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Pagliuca takes over as Boston 2024 chairman

Steve Pagliuca, co-owner of the Boston Celtics and co-chair of the Boston 2024 fundraising and finance committee.
Lane Turner/Globe Staff
Steve Pagliuca, co-owner of the Boston Celtics and co-chair of the Boston 2024 fundraising and finance committee.

The board of the local Olympic bid committee, Boston 2024, on Thursday confirmed Boston Celtics co-owner Steve Pagliuca as its new chairman, putting the Bain Capital executive at the helm of an organization looking for a corporate turnaround.

Pagliuca pledged in a phone interview that his initial focus will be to update plans for building and running the Games and said he expects public support for the Olympic effort to rise if the committee produces a thoughtful plan for delivering the major venues with private funding.

“The crux of this is getting an objective, fact-based [plan] out there for all constituencies so they can see the potential benefits and risks,” Pagliuca said shortly after the board named him chair.

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The overhaul of the bid’s leadership extends beyond the top job: Boston Red Sox president Larry Lucchino and former advertising executive Jack Connors have been made unpaid senior advisers for the bid committee, according to Boston 2024. Peter Roby, director of athletics and recreation for Northeastern University, has joined the bid as a vice chairman and a director of the board.

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Pagliuca assumes the chairmanship of the private nonprofit group at a critical point in its short history, with the bid committee facing political pressure to produce the updated venue plan, and amid signals from the US Olympic Committee that Boston must build more public support in order to keep alive its bid to bring the Summer Games back to the United States for the first time since 1996.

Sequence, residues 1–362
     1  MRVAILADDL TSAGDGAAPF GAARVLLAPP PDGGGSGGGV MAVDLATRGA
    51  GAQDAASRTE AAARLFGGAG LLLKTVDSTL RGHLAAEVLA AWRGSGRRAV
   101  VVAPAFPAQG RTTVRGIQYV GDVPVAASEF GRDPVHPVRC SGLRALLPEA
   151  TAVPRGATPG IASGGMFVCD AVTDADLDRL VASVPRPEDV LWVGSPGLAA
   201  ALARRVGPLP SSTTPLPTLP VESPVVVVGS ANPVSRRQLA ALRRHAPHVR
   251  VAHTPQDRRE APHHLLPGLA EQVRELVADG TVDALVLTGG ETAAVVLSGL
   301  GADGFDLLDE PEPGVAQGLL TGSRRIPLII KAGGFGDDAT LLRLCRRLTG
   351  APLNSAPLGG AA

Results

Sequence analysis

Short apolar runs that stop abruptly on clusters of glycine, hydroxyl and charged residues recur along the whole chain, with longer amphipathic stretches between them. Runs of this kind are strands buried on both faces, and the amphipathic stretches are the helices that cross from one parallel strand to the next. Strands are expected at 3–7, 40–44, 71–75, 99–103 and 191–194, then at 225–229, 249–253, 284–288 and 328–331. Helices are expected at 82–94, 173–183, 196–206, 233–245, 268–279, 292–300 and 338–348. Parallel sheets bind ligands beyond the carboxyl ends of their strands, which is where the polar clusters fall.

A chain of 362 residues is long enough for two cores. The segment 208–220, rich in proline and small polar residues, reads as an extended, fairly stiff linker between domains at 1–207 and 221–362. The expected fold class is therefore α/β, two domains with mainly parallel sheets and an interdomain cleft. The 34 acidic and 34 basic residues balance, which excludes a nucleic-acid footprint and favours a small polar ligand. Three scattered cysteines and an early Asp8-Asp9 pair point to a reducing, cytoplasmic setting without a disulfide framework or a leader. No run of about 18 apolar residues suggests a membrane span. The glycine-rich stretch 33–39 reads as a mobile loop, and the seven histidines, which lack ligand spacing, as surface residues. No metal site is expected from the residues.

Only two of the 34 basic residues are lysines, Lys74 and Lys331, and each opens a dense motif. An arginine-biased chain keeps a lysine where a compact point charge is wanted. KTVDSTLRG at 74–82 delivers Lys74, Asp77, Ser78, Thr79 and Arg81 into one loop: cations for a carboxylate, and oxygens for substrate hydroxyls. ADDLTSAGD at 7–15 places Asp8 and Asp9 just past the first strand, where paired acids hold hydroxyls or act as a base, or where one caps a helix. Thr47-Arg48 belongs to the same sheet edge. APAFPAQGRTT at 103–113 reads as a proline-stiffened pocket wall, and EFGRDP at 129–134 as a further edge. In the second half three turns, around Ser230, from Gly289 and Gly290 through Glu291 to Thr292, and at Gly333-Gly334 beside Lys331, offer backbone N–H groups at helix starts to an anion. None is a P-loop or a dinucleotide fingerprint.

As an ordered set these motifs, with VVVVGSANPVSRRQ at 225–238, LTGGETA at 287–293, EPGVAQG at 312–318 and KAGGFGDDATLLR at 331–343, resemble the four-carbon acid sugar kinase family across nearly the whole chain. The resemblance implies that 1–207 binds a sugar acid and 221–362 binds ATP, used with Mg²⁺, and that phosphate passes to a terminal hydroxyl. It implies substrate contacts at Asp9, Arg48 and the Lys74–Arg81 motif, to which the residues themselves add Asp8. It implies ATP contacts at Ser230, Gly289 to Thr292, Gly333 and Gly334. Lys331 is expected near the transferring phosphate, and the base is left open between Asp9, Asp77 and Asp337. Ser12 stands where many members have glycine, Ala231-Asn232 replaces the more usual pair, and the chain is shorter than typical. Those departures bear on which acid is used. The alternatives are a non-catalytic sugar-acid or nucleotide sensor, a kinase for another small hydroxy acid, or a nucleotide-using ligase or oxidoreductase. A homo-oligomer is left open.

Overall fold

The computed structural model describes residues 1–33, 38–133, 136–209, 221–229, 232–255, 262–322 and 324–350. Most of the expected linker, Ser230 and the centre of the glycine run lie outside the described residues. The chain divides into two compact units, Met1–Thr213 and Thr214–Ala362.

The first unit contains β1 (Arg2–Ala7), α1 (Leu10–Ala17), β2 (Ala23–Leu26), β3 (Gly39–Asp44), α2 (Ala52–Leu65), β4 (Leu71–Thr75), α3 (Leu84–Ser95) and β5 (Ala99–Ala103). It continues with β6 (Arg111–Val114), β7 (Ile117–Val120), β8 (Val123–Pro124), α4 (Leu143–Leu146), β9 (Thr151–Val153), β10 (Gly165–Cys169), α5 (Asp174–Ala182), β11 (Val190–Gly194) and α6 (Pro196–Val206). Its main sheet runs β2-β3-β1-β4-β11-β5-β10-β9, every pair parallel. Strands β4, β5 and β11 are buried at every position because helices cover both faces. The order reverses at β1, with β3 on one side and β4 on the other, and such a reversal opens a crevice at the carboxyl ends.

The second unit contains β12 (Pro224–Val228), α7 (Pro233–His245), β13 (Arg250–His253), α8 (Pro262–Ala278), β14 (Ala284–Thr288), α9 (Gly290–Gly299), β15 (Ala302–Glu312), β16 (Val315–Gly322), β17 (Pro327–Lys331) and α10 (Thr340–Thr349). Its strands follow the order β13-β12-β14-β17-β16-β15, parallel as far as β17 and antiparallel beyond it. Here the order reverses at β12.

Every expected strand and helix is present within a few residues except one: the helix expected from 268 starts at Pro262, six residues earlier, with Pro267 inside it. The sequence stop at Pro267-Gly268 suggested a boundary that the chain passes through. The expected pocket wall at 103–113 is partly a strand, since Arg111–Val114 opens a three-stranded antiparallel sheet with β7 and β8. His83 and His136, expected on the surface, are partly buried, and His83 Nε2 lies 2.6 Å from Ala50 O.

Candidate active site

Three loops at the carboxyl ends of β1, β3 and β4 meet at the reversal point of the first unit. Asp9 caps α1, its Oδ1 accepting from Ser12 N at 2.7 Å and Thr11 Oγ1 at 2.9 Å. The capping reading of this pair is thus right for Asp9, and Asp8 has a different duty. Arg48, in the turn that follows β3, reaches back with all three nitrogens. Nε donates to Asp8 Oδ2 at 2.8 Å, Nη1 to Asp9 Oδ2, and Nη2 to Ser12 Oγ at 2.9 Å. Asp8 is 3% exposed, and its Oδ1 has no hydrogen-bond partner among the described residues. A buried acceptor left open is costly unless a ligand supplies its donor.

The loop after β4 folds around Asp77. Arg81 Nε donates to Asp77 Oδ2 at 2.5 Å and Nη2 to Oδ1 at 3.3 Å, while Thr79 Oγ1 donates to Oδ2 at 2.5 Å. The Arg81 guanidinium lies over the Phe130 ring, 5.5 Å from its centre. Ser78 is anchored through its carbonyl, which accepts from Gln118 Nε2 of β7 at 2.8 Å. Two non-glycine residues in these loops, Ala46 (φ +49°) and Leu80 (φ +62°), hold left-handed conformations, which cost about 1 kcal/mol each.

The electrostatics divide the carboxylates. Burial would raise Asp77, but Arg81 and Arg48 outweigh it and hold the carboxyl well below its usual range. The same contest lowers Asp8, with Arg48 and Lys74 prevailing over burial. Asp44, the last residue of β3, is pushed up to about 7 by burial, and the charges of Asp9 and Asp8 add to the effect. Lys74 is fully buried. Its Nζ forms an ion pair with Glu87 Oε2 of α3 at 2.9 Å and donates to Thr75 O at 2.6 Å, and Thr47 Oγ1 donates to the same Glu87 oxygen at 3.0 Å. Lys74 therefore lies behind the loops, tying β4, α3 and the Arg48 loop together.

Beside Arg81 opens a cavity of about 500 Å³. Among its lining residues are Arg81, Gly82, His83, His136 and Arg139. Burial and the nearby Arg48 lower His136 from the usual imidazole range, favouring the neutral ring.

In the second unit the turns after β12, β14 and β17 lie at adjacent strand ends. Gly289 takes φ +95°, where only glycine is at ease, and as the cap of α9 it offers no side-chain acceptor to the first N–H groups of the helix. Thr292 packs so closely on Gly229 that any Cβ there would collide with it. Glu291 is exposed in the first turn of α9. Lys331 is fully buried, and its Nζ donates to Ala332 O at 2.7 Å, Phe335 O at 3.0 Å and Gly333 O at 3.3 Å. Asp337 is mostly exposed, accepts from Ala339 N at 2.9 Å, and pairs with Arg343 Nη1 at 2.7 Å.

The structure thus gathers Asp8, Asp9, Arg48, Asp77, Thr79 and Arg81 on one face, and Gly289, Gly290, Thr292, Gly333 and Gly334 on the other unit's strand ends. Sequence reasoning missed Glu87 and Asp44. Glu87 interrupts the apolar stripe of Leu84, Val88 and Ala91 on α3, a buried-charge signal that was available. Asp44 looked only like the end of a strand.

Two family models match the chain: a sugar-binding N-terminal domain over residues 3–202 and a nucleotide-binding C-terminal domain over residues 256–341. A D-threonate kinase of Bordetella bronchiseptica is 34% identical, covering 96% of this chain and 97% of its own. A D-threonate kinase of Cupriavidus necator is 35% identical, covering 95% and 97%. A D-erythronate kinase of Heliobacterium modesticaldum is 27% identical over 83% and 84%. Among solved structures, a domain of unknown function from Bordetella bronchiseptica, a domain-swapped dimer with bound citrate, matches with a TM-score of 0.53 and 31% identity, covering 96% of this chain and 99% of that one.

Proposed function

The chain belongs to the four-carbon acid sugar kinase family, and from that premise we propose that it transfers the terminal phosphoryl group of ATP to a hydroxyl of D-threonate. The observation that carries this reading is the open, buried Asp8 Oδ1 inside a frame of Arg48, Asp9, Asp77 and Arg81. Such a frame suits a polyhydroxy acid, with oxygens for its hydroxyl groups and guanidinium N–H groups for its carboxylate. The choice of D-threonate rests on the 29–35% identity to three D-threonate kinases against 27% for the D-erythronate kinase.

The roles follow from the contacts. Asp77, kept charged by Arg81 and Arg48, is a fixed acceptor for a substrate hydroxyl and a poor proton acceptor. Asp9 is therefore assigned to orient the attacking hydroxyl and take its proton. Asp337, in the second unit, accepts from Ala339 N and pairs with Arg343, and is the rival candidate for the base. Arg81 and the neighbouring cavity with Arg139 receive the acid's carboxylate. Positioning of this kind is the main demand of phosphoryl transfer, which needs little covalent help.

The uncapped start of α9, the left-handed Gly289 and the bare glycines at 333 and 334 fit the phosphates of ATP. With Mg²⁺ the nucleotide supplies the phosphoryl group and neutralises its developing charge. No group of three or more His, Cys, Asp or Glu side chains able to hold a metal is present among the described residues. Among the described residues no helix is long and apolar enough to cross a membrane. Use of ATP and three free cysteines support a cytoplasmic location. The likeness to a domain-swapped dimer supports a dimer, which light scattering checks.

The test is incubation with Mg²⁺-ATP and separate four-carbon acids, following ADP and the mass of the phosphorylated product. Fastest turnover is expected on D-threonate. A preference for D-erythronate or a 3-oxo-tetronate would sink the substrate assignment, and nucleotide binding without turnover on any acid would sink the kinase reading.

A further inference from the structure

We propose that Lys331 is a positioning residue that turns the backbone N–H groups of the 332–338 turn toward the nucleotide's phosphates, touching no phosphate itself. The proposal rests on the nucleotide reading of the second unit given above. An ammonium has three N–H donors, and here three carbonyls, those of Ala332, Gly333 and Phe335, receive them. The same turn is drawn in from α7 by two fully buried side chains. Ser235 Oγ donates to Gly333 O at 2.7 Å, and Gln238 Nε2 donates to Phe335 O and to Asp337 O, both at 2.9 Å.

Pagliuca takes the leadership baton from outgoing chairman John Fish, the Suffolk Construction chief who had led the local Olympic movement since 2013, when it was just a farfetched idea nurtured by a small group of Massachusetts business leaders. The move has been billed as a friendly transfer of power, and Fish will stay involved as a vice chairman of the committee.

Pagliuca said Fish asked him about three weeks ago to consider taking the post; Fish, who was the face of the committee through several controversies, publicly endorsed the move in a statement Thursday.

Former New York City deputy mayor Daniel L. Doctoroff — who led New York’s unsuccessful bid for the 2012 Summer Games and now serves on the boards of Boston 2024 and the USOC — said he has known Pagliuca for 25 years through business connections. Like Pagliuca, Doctoroff has worked in private equity.

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“Steve is just the right person to take on this role,” Doctoroff said. “He’s incredibly disciplined, organized, and financially sophisticated. Since a lot of the concerns people have expressed are around money, he will have the credibility to talk to the public and the press and the political establishment about the budgets in a way that very few people could.”

Opponents of the bid questioned the significance of the leadership change.

“Boston 2024 doesn’t have a leadership problem — it has a product problem, and is still asking taxpayers to pick up the tab for cost overruns,” said the group No Boston Olympics, in a statement attributed to co-chair Kelley Gossett.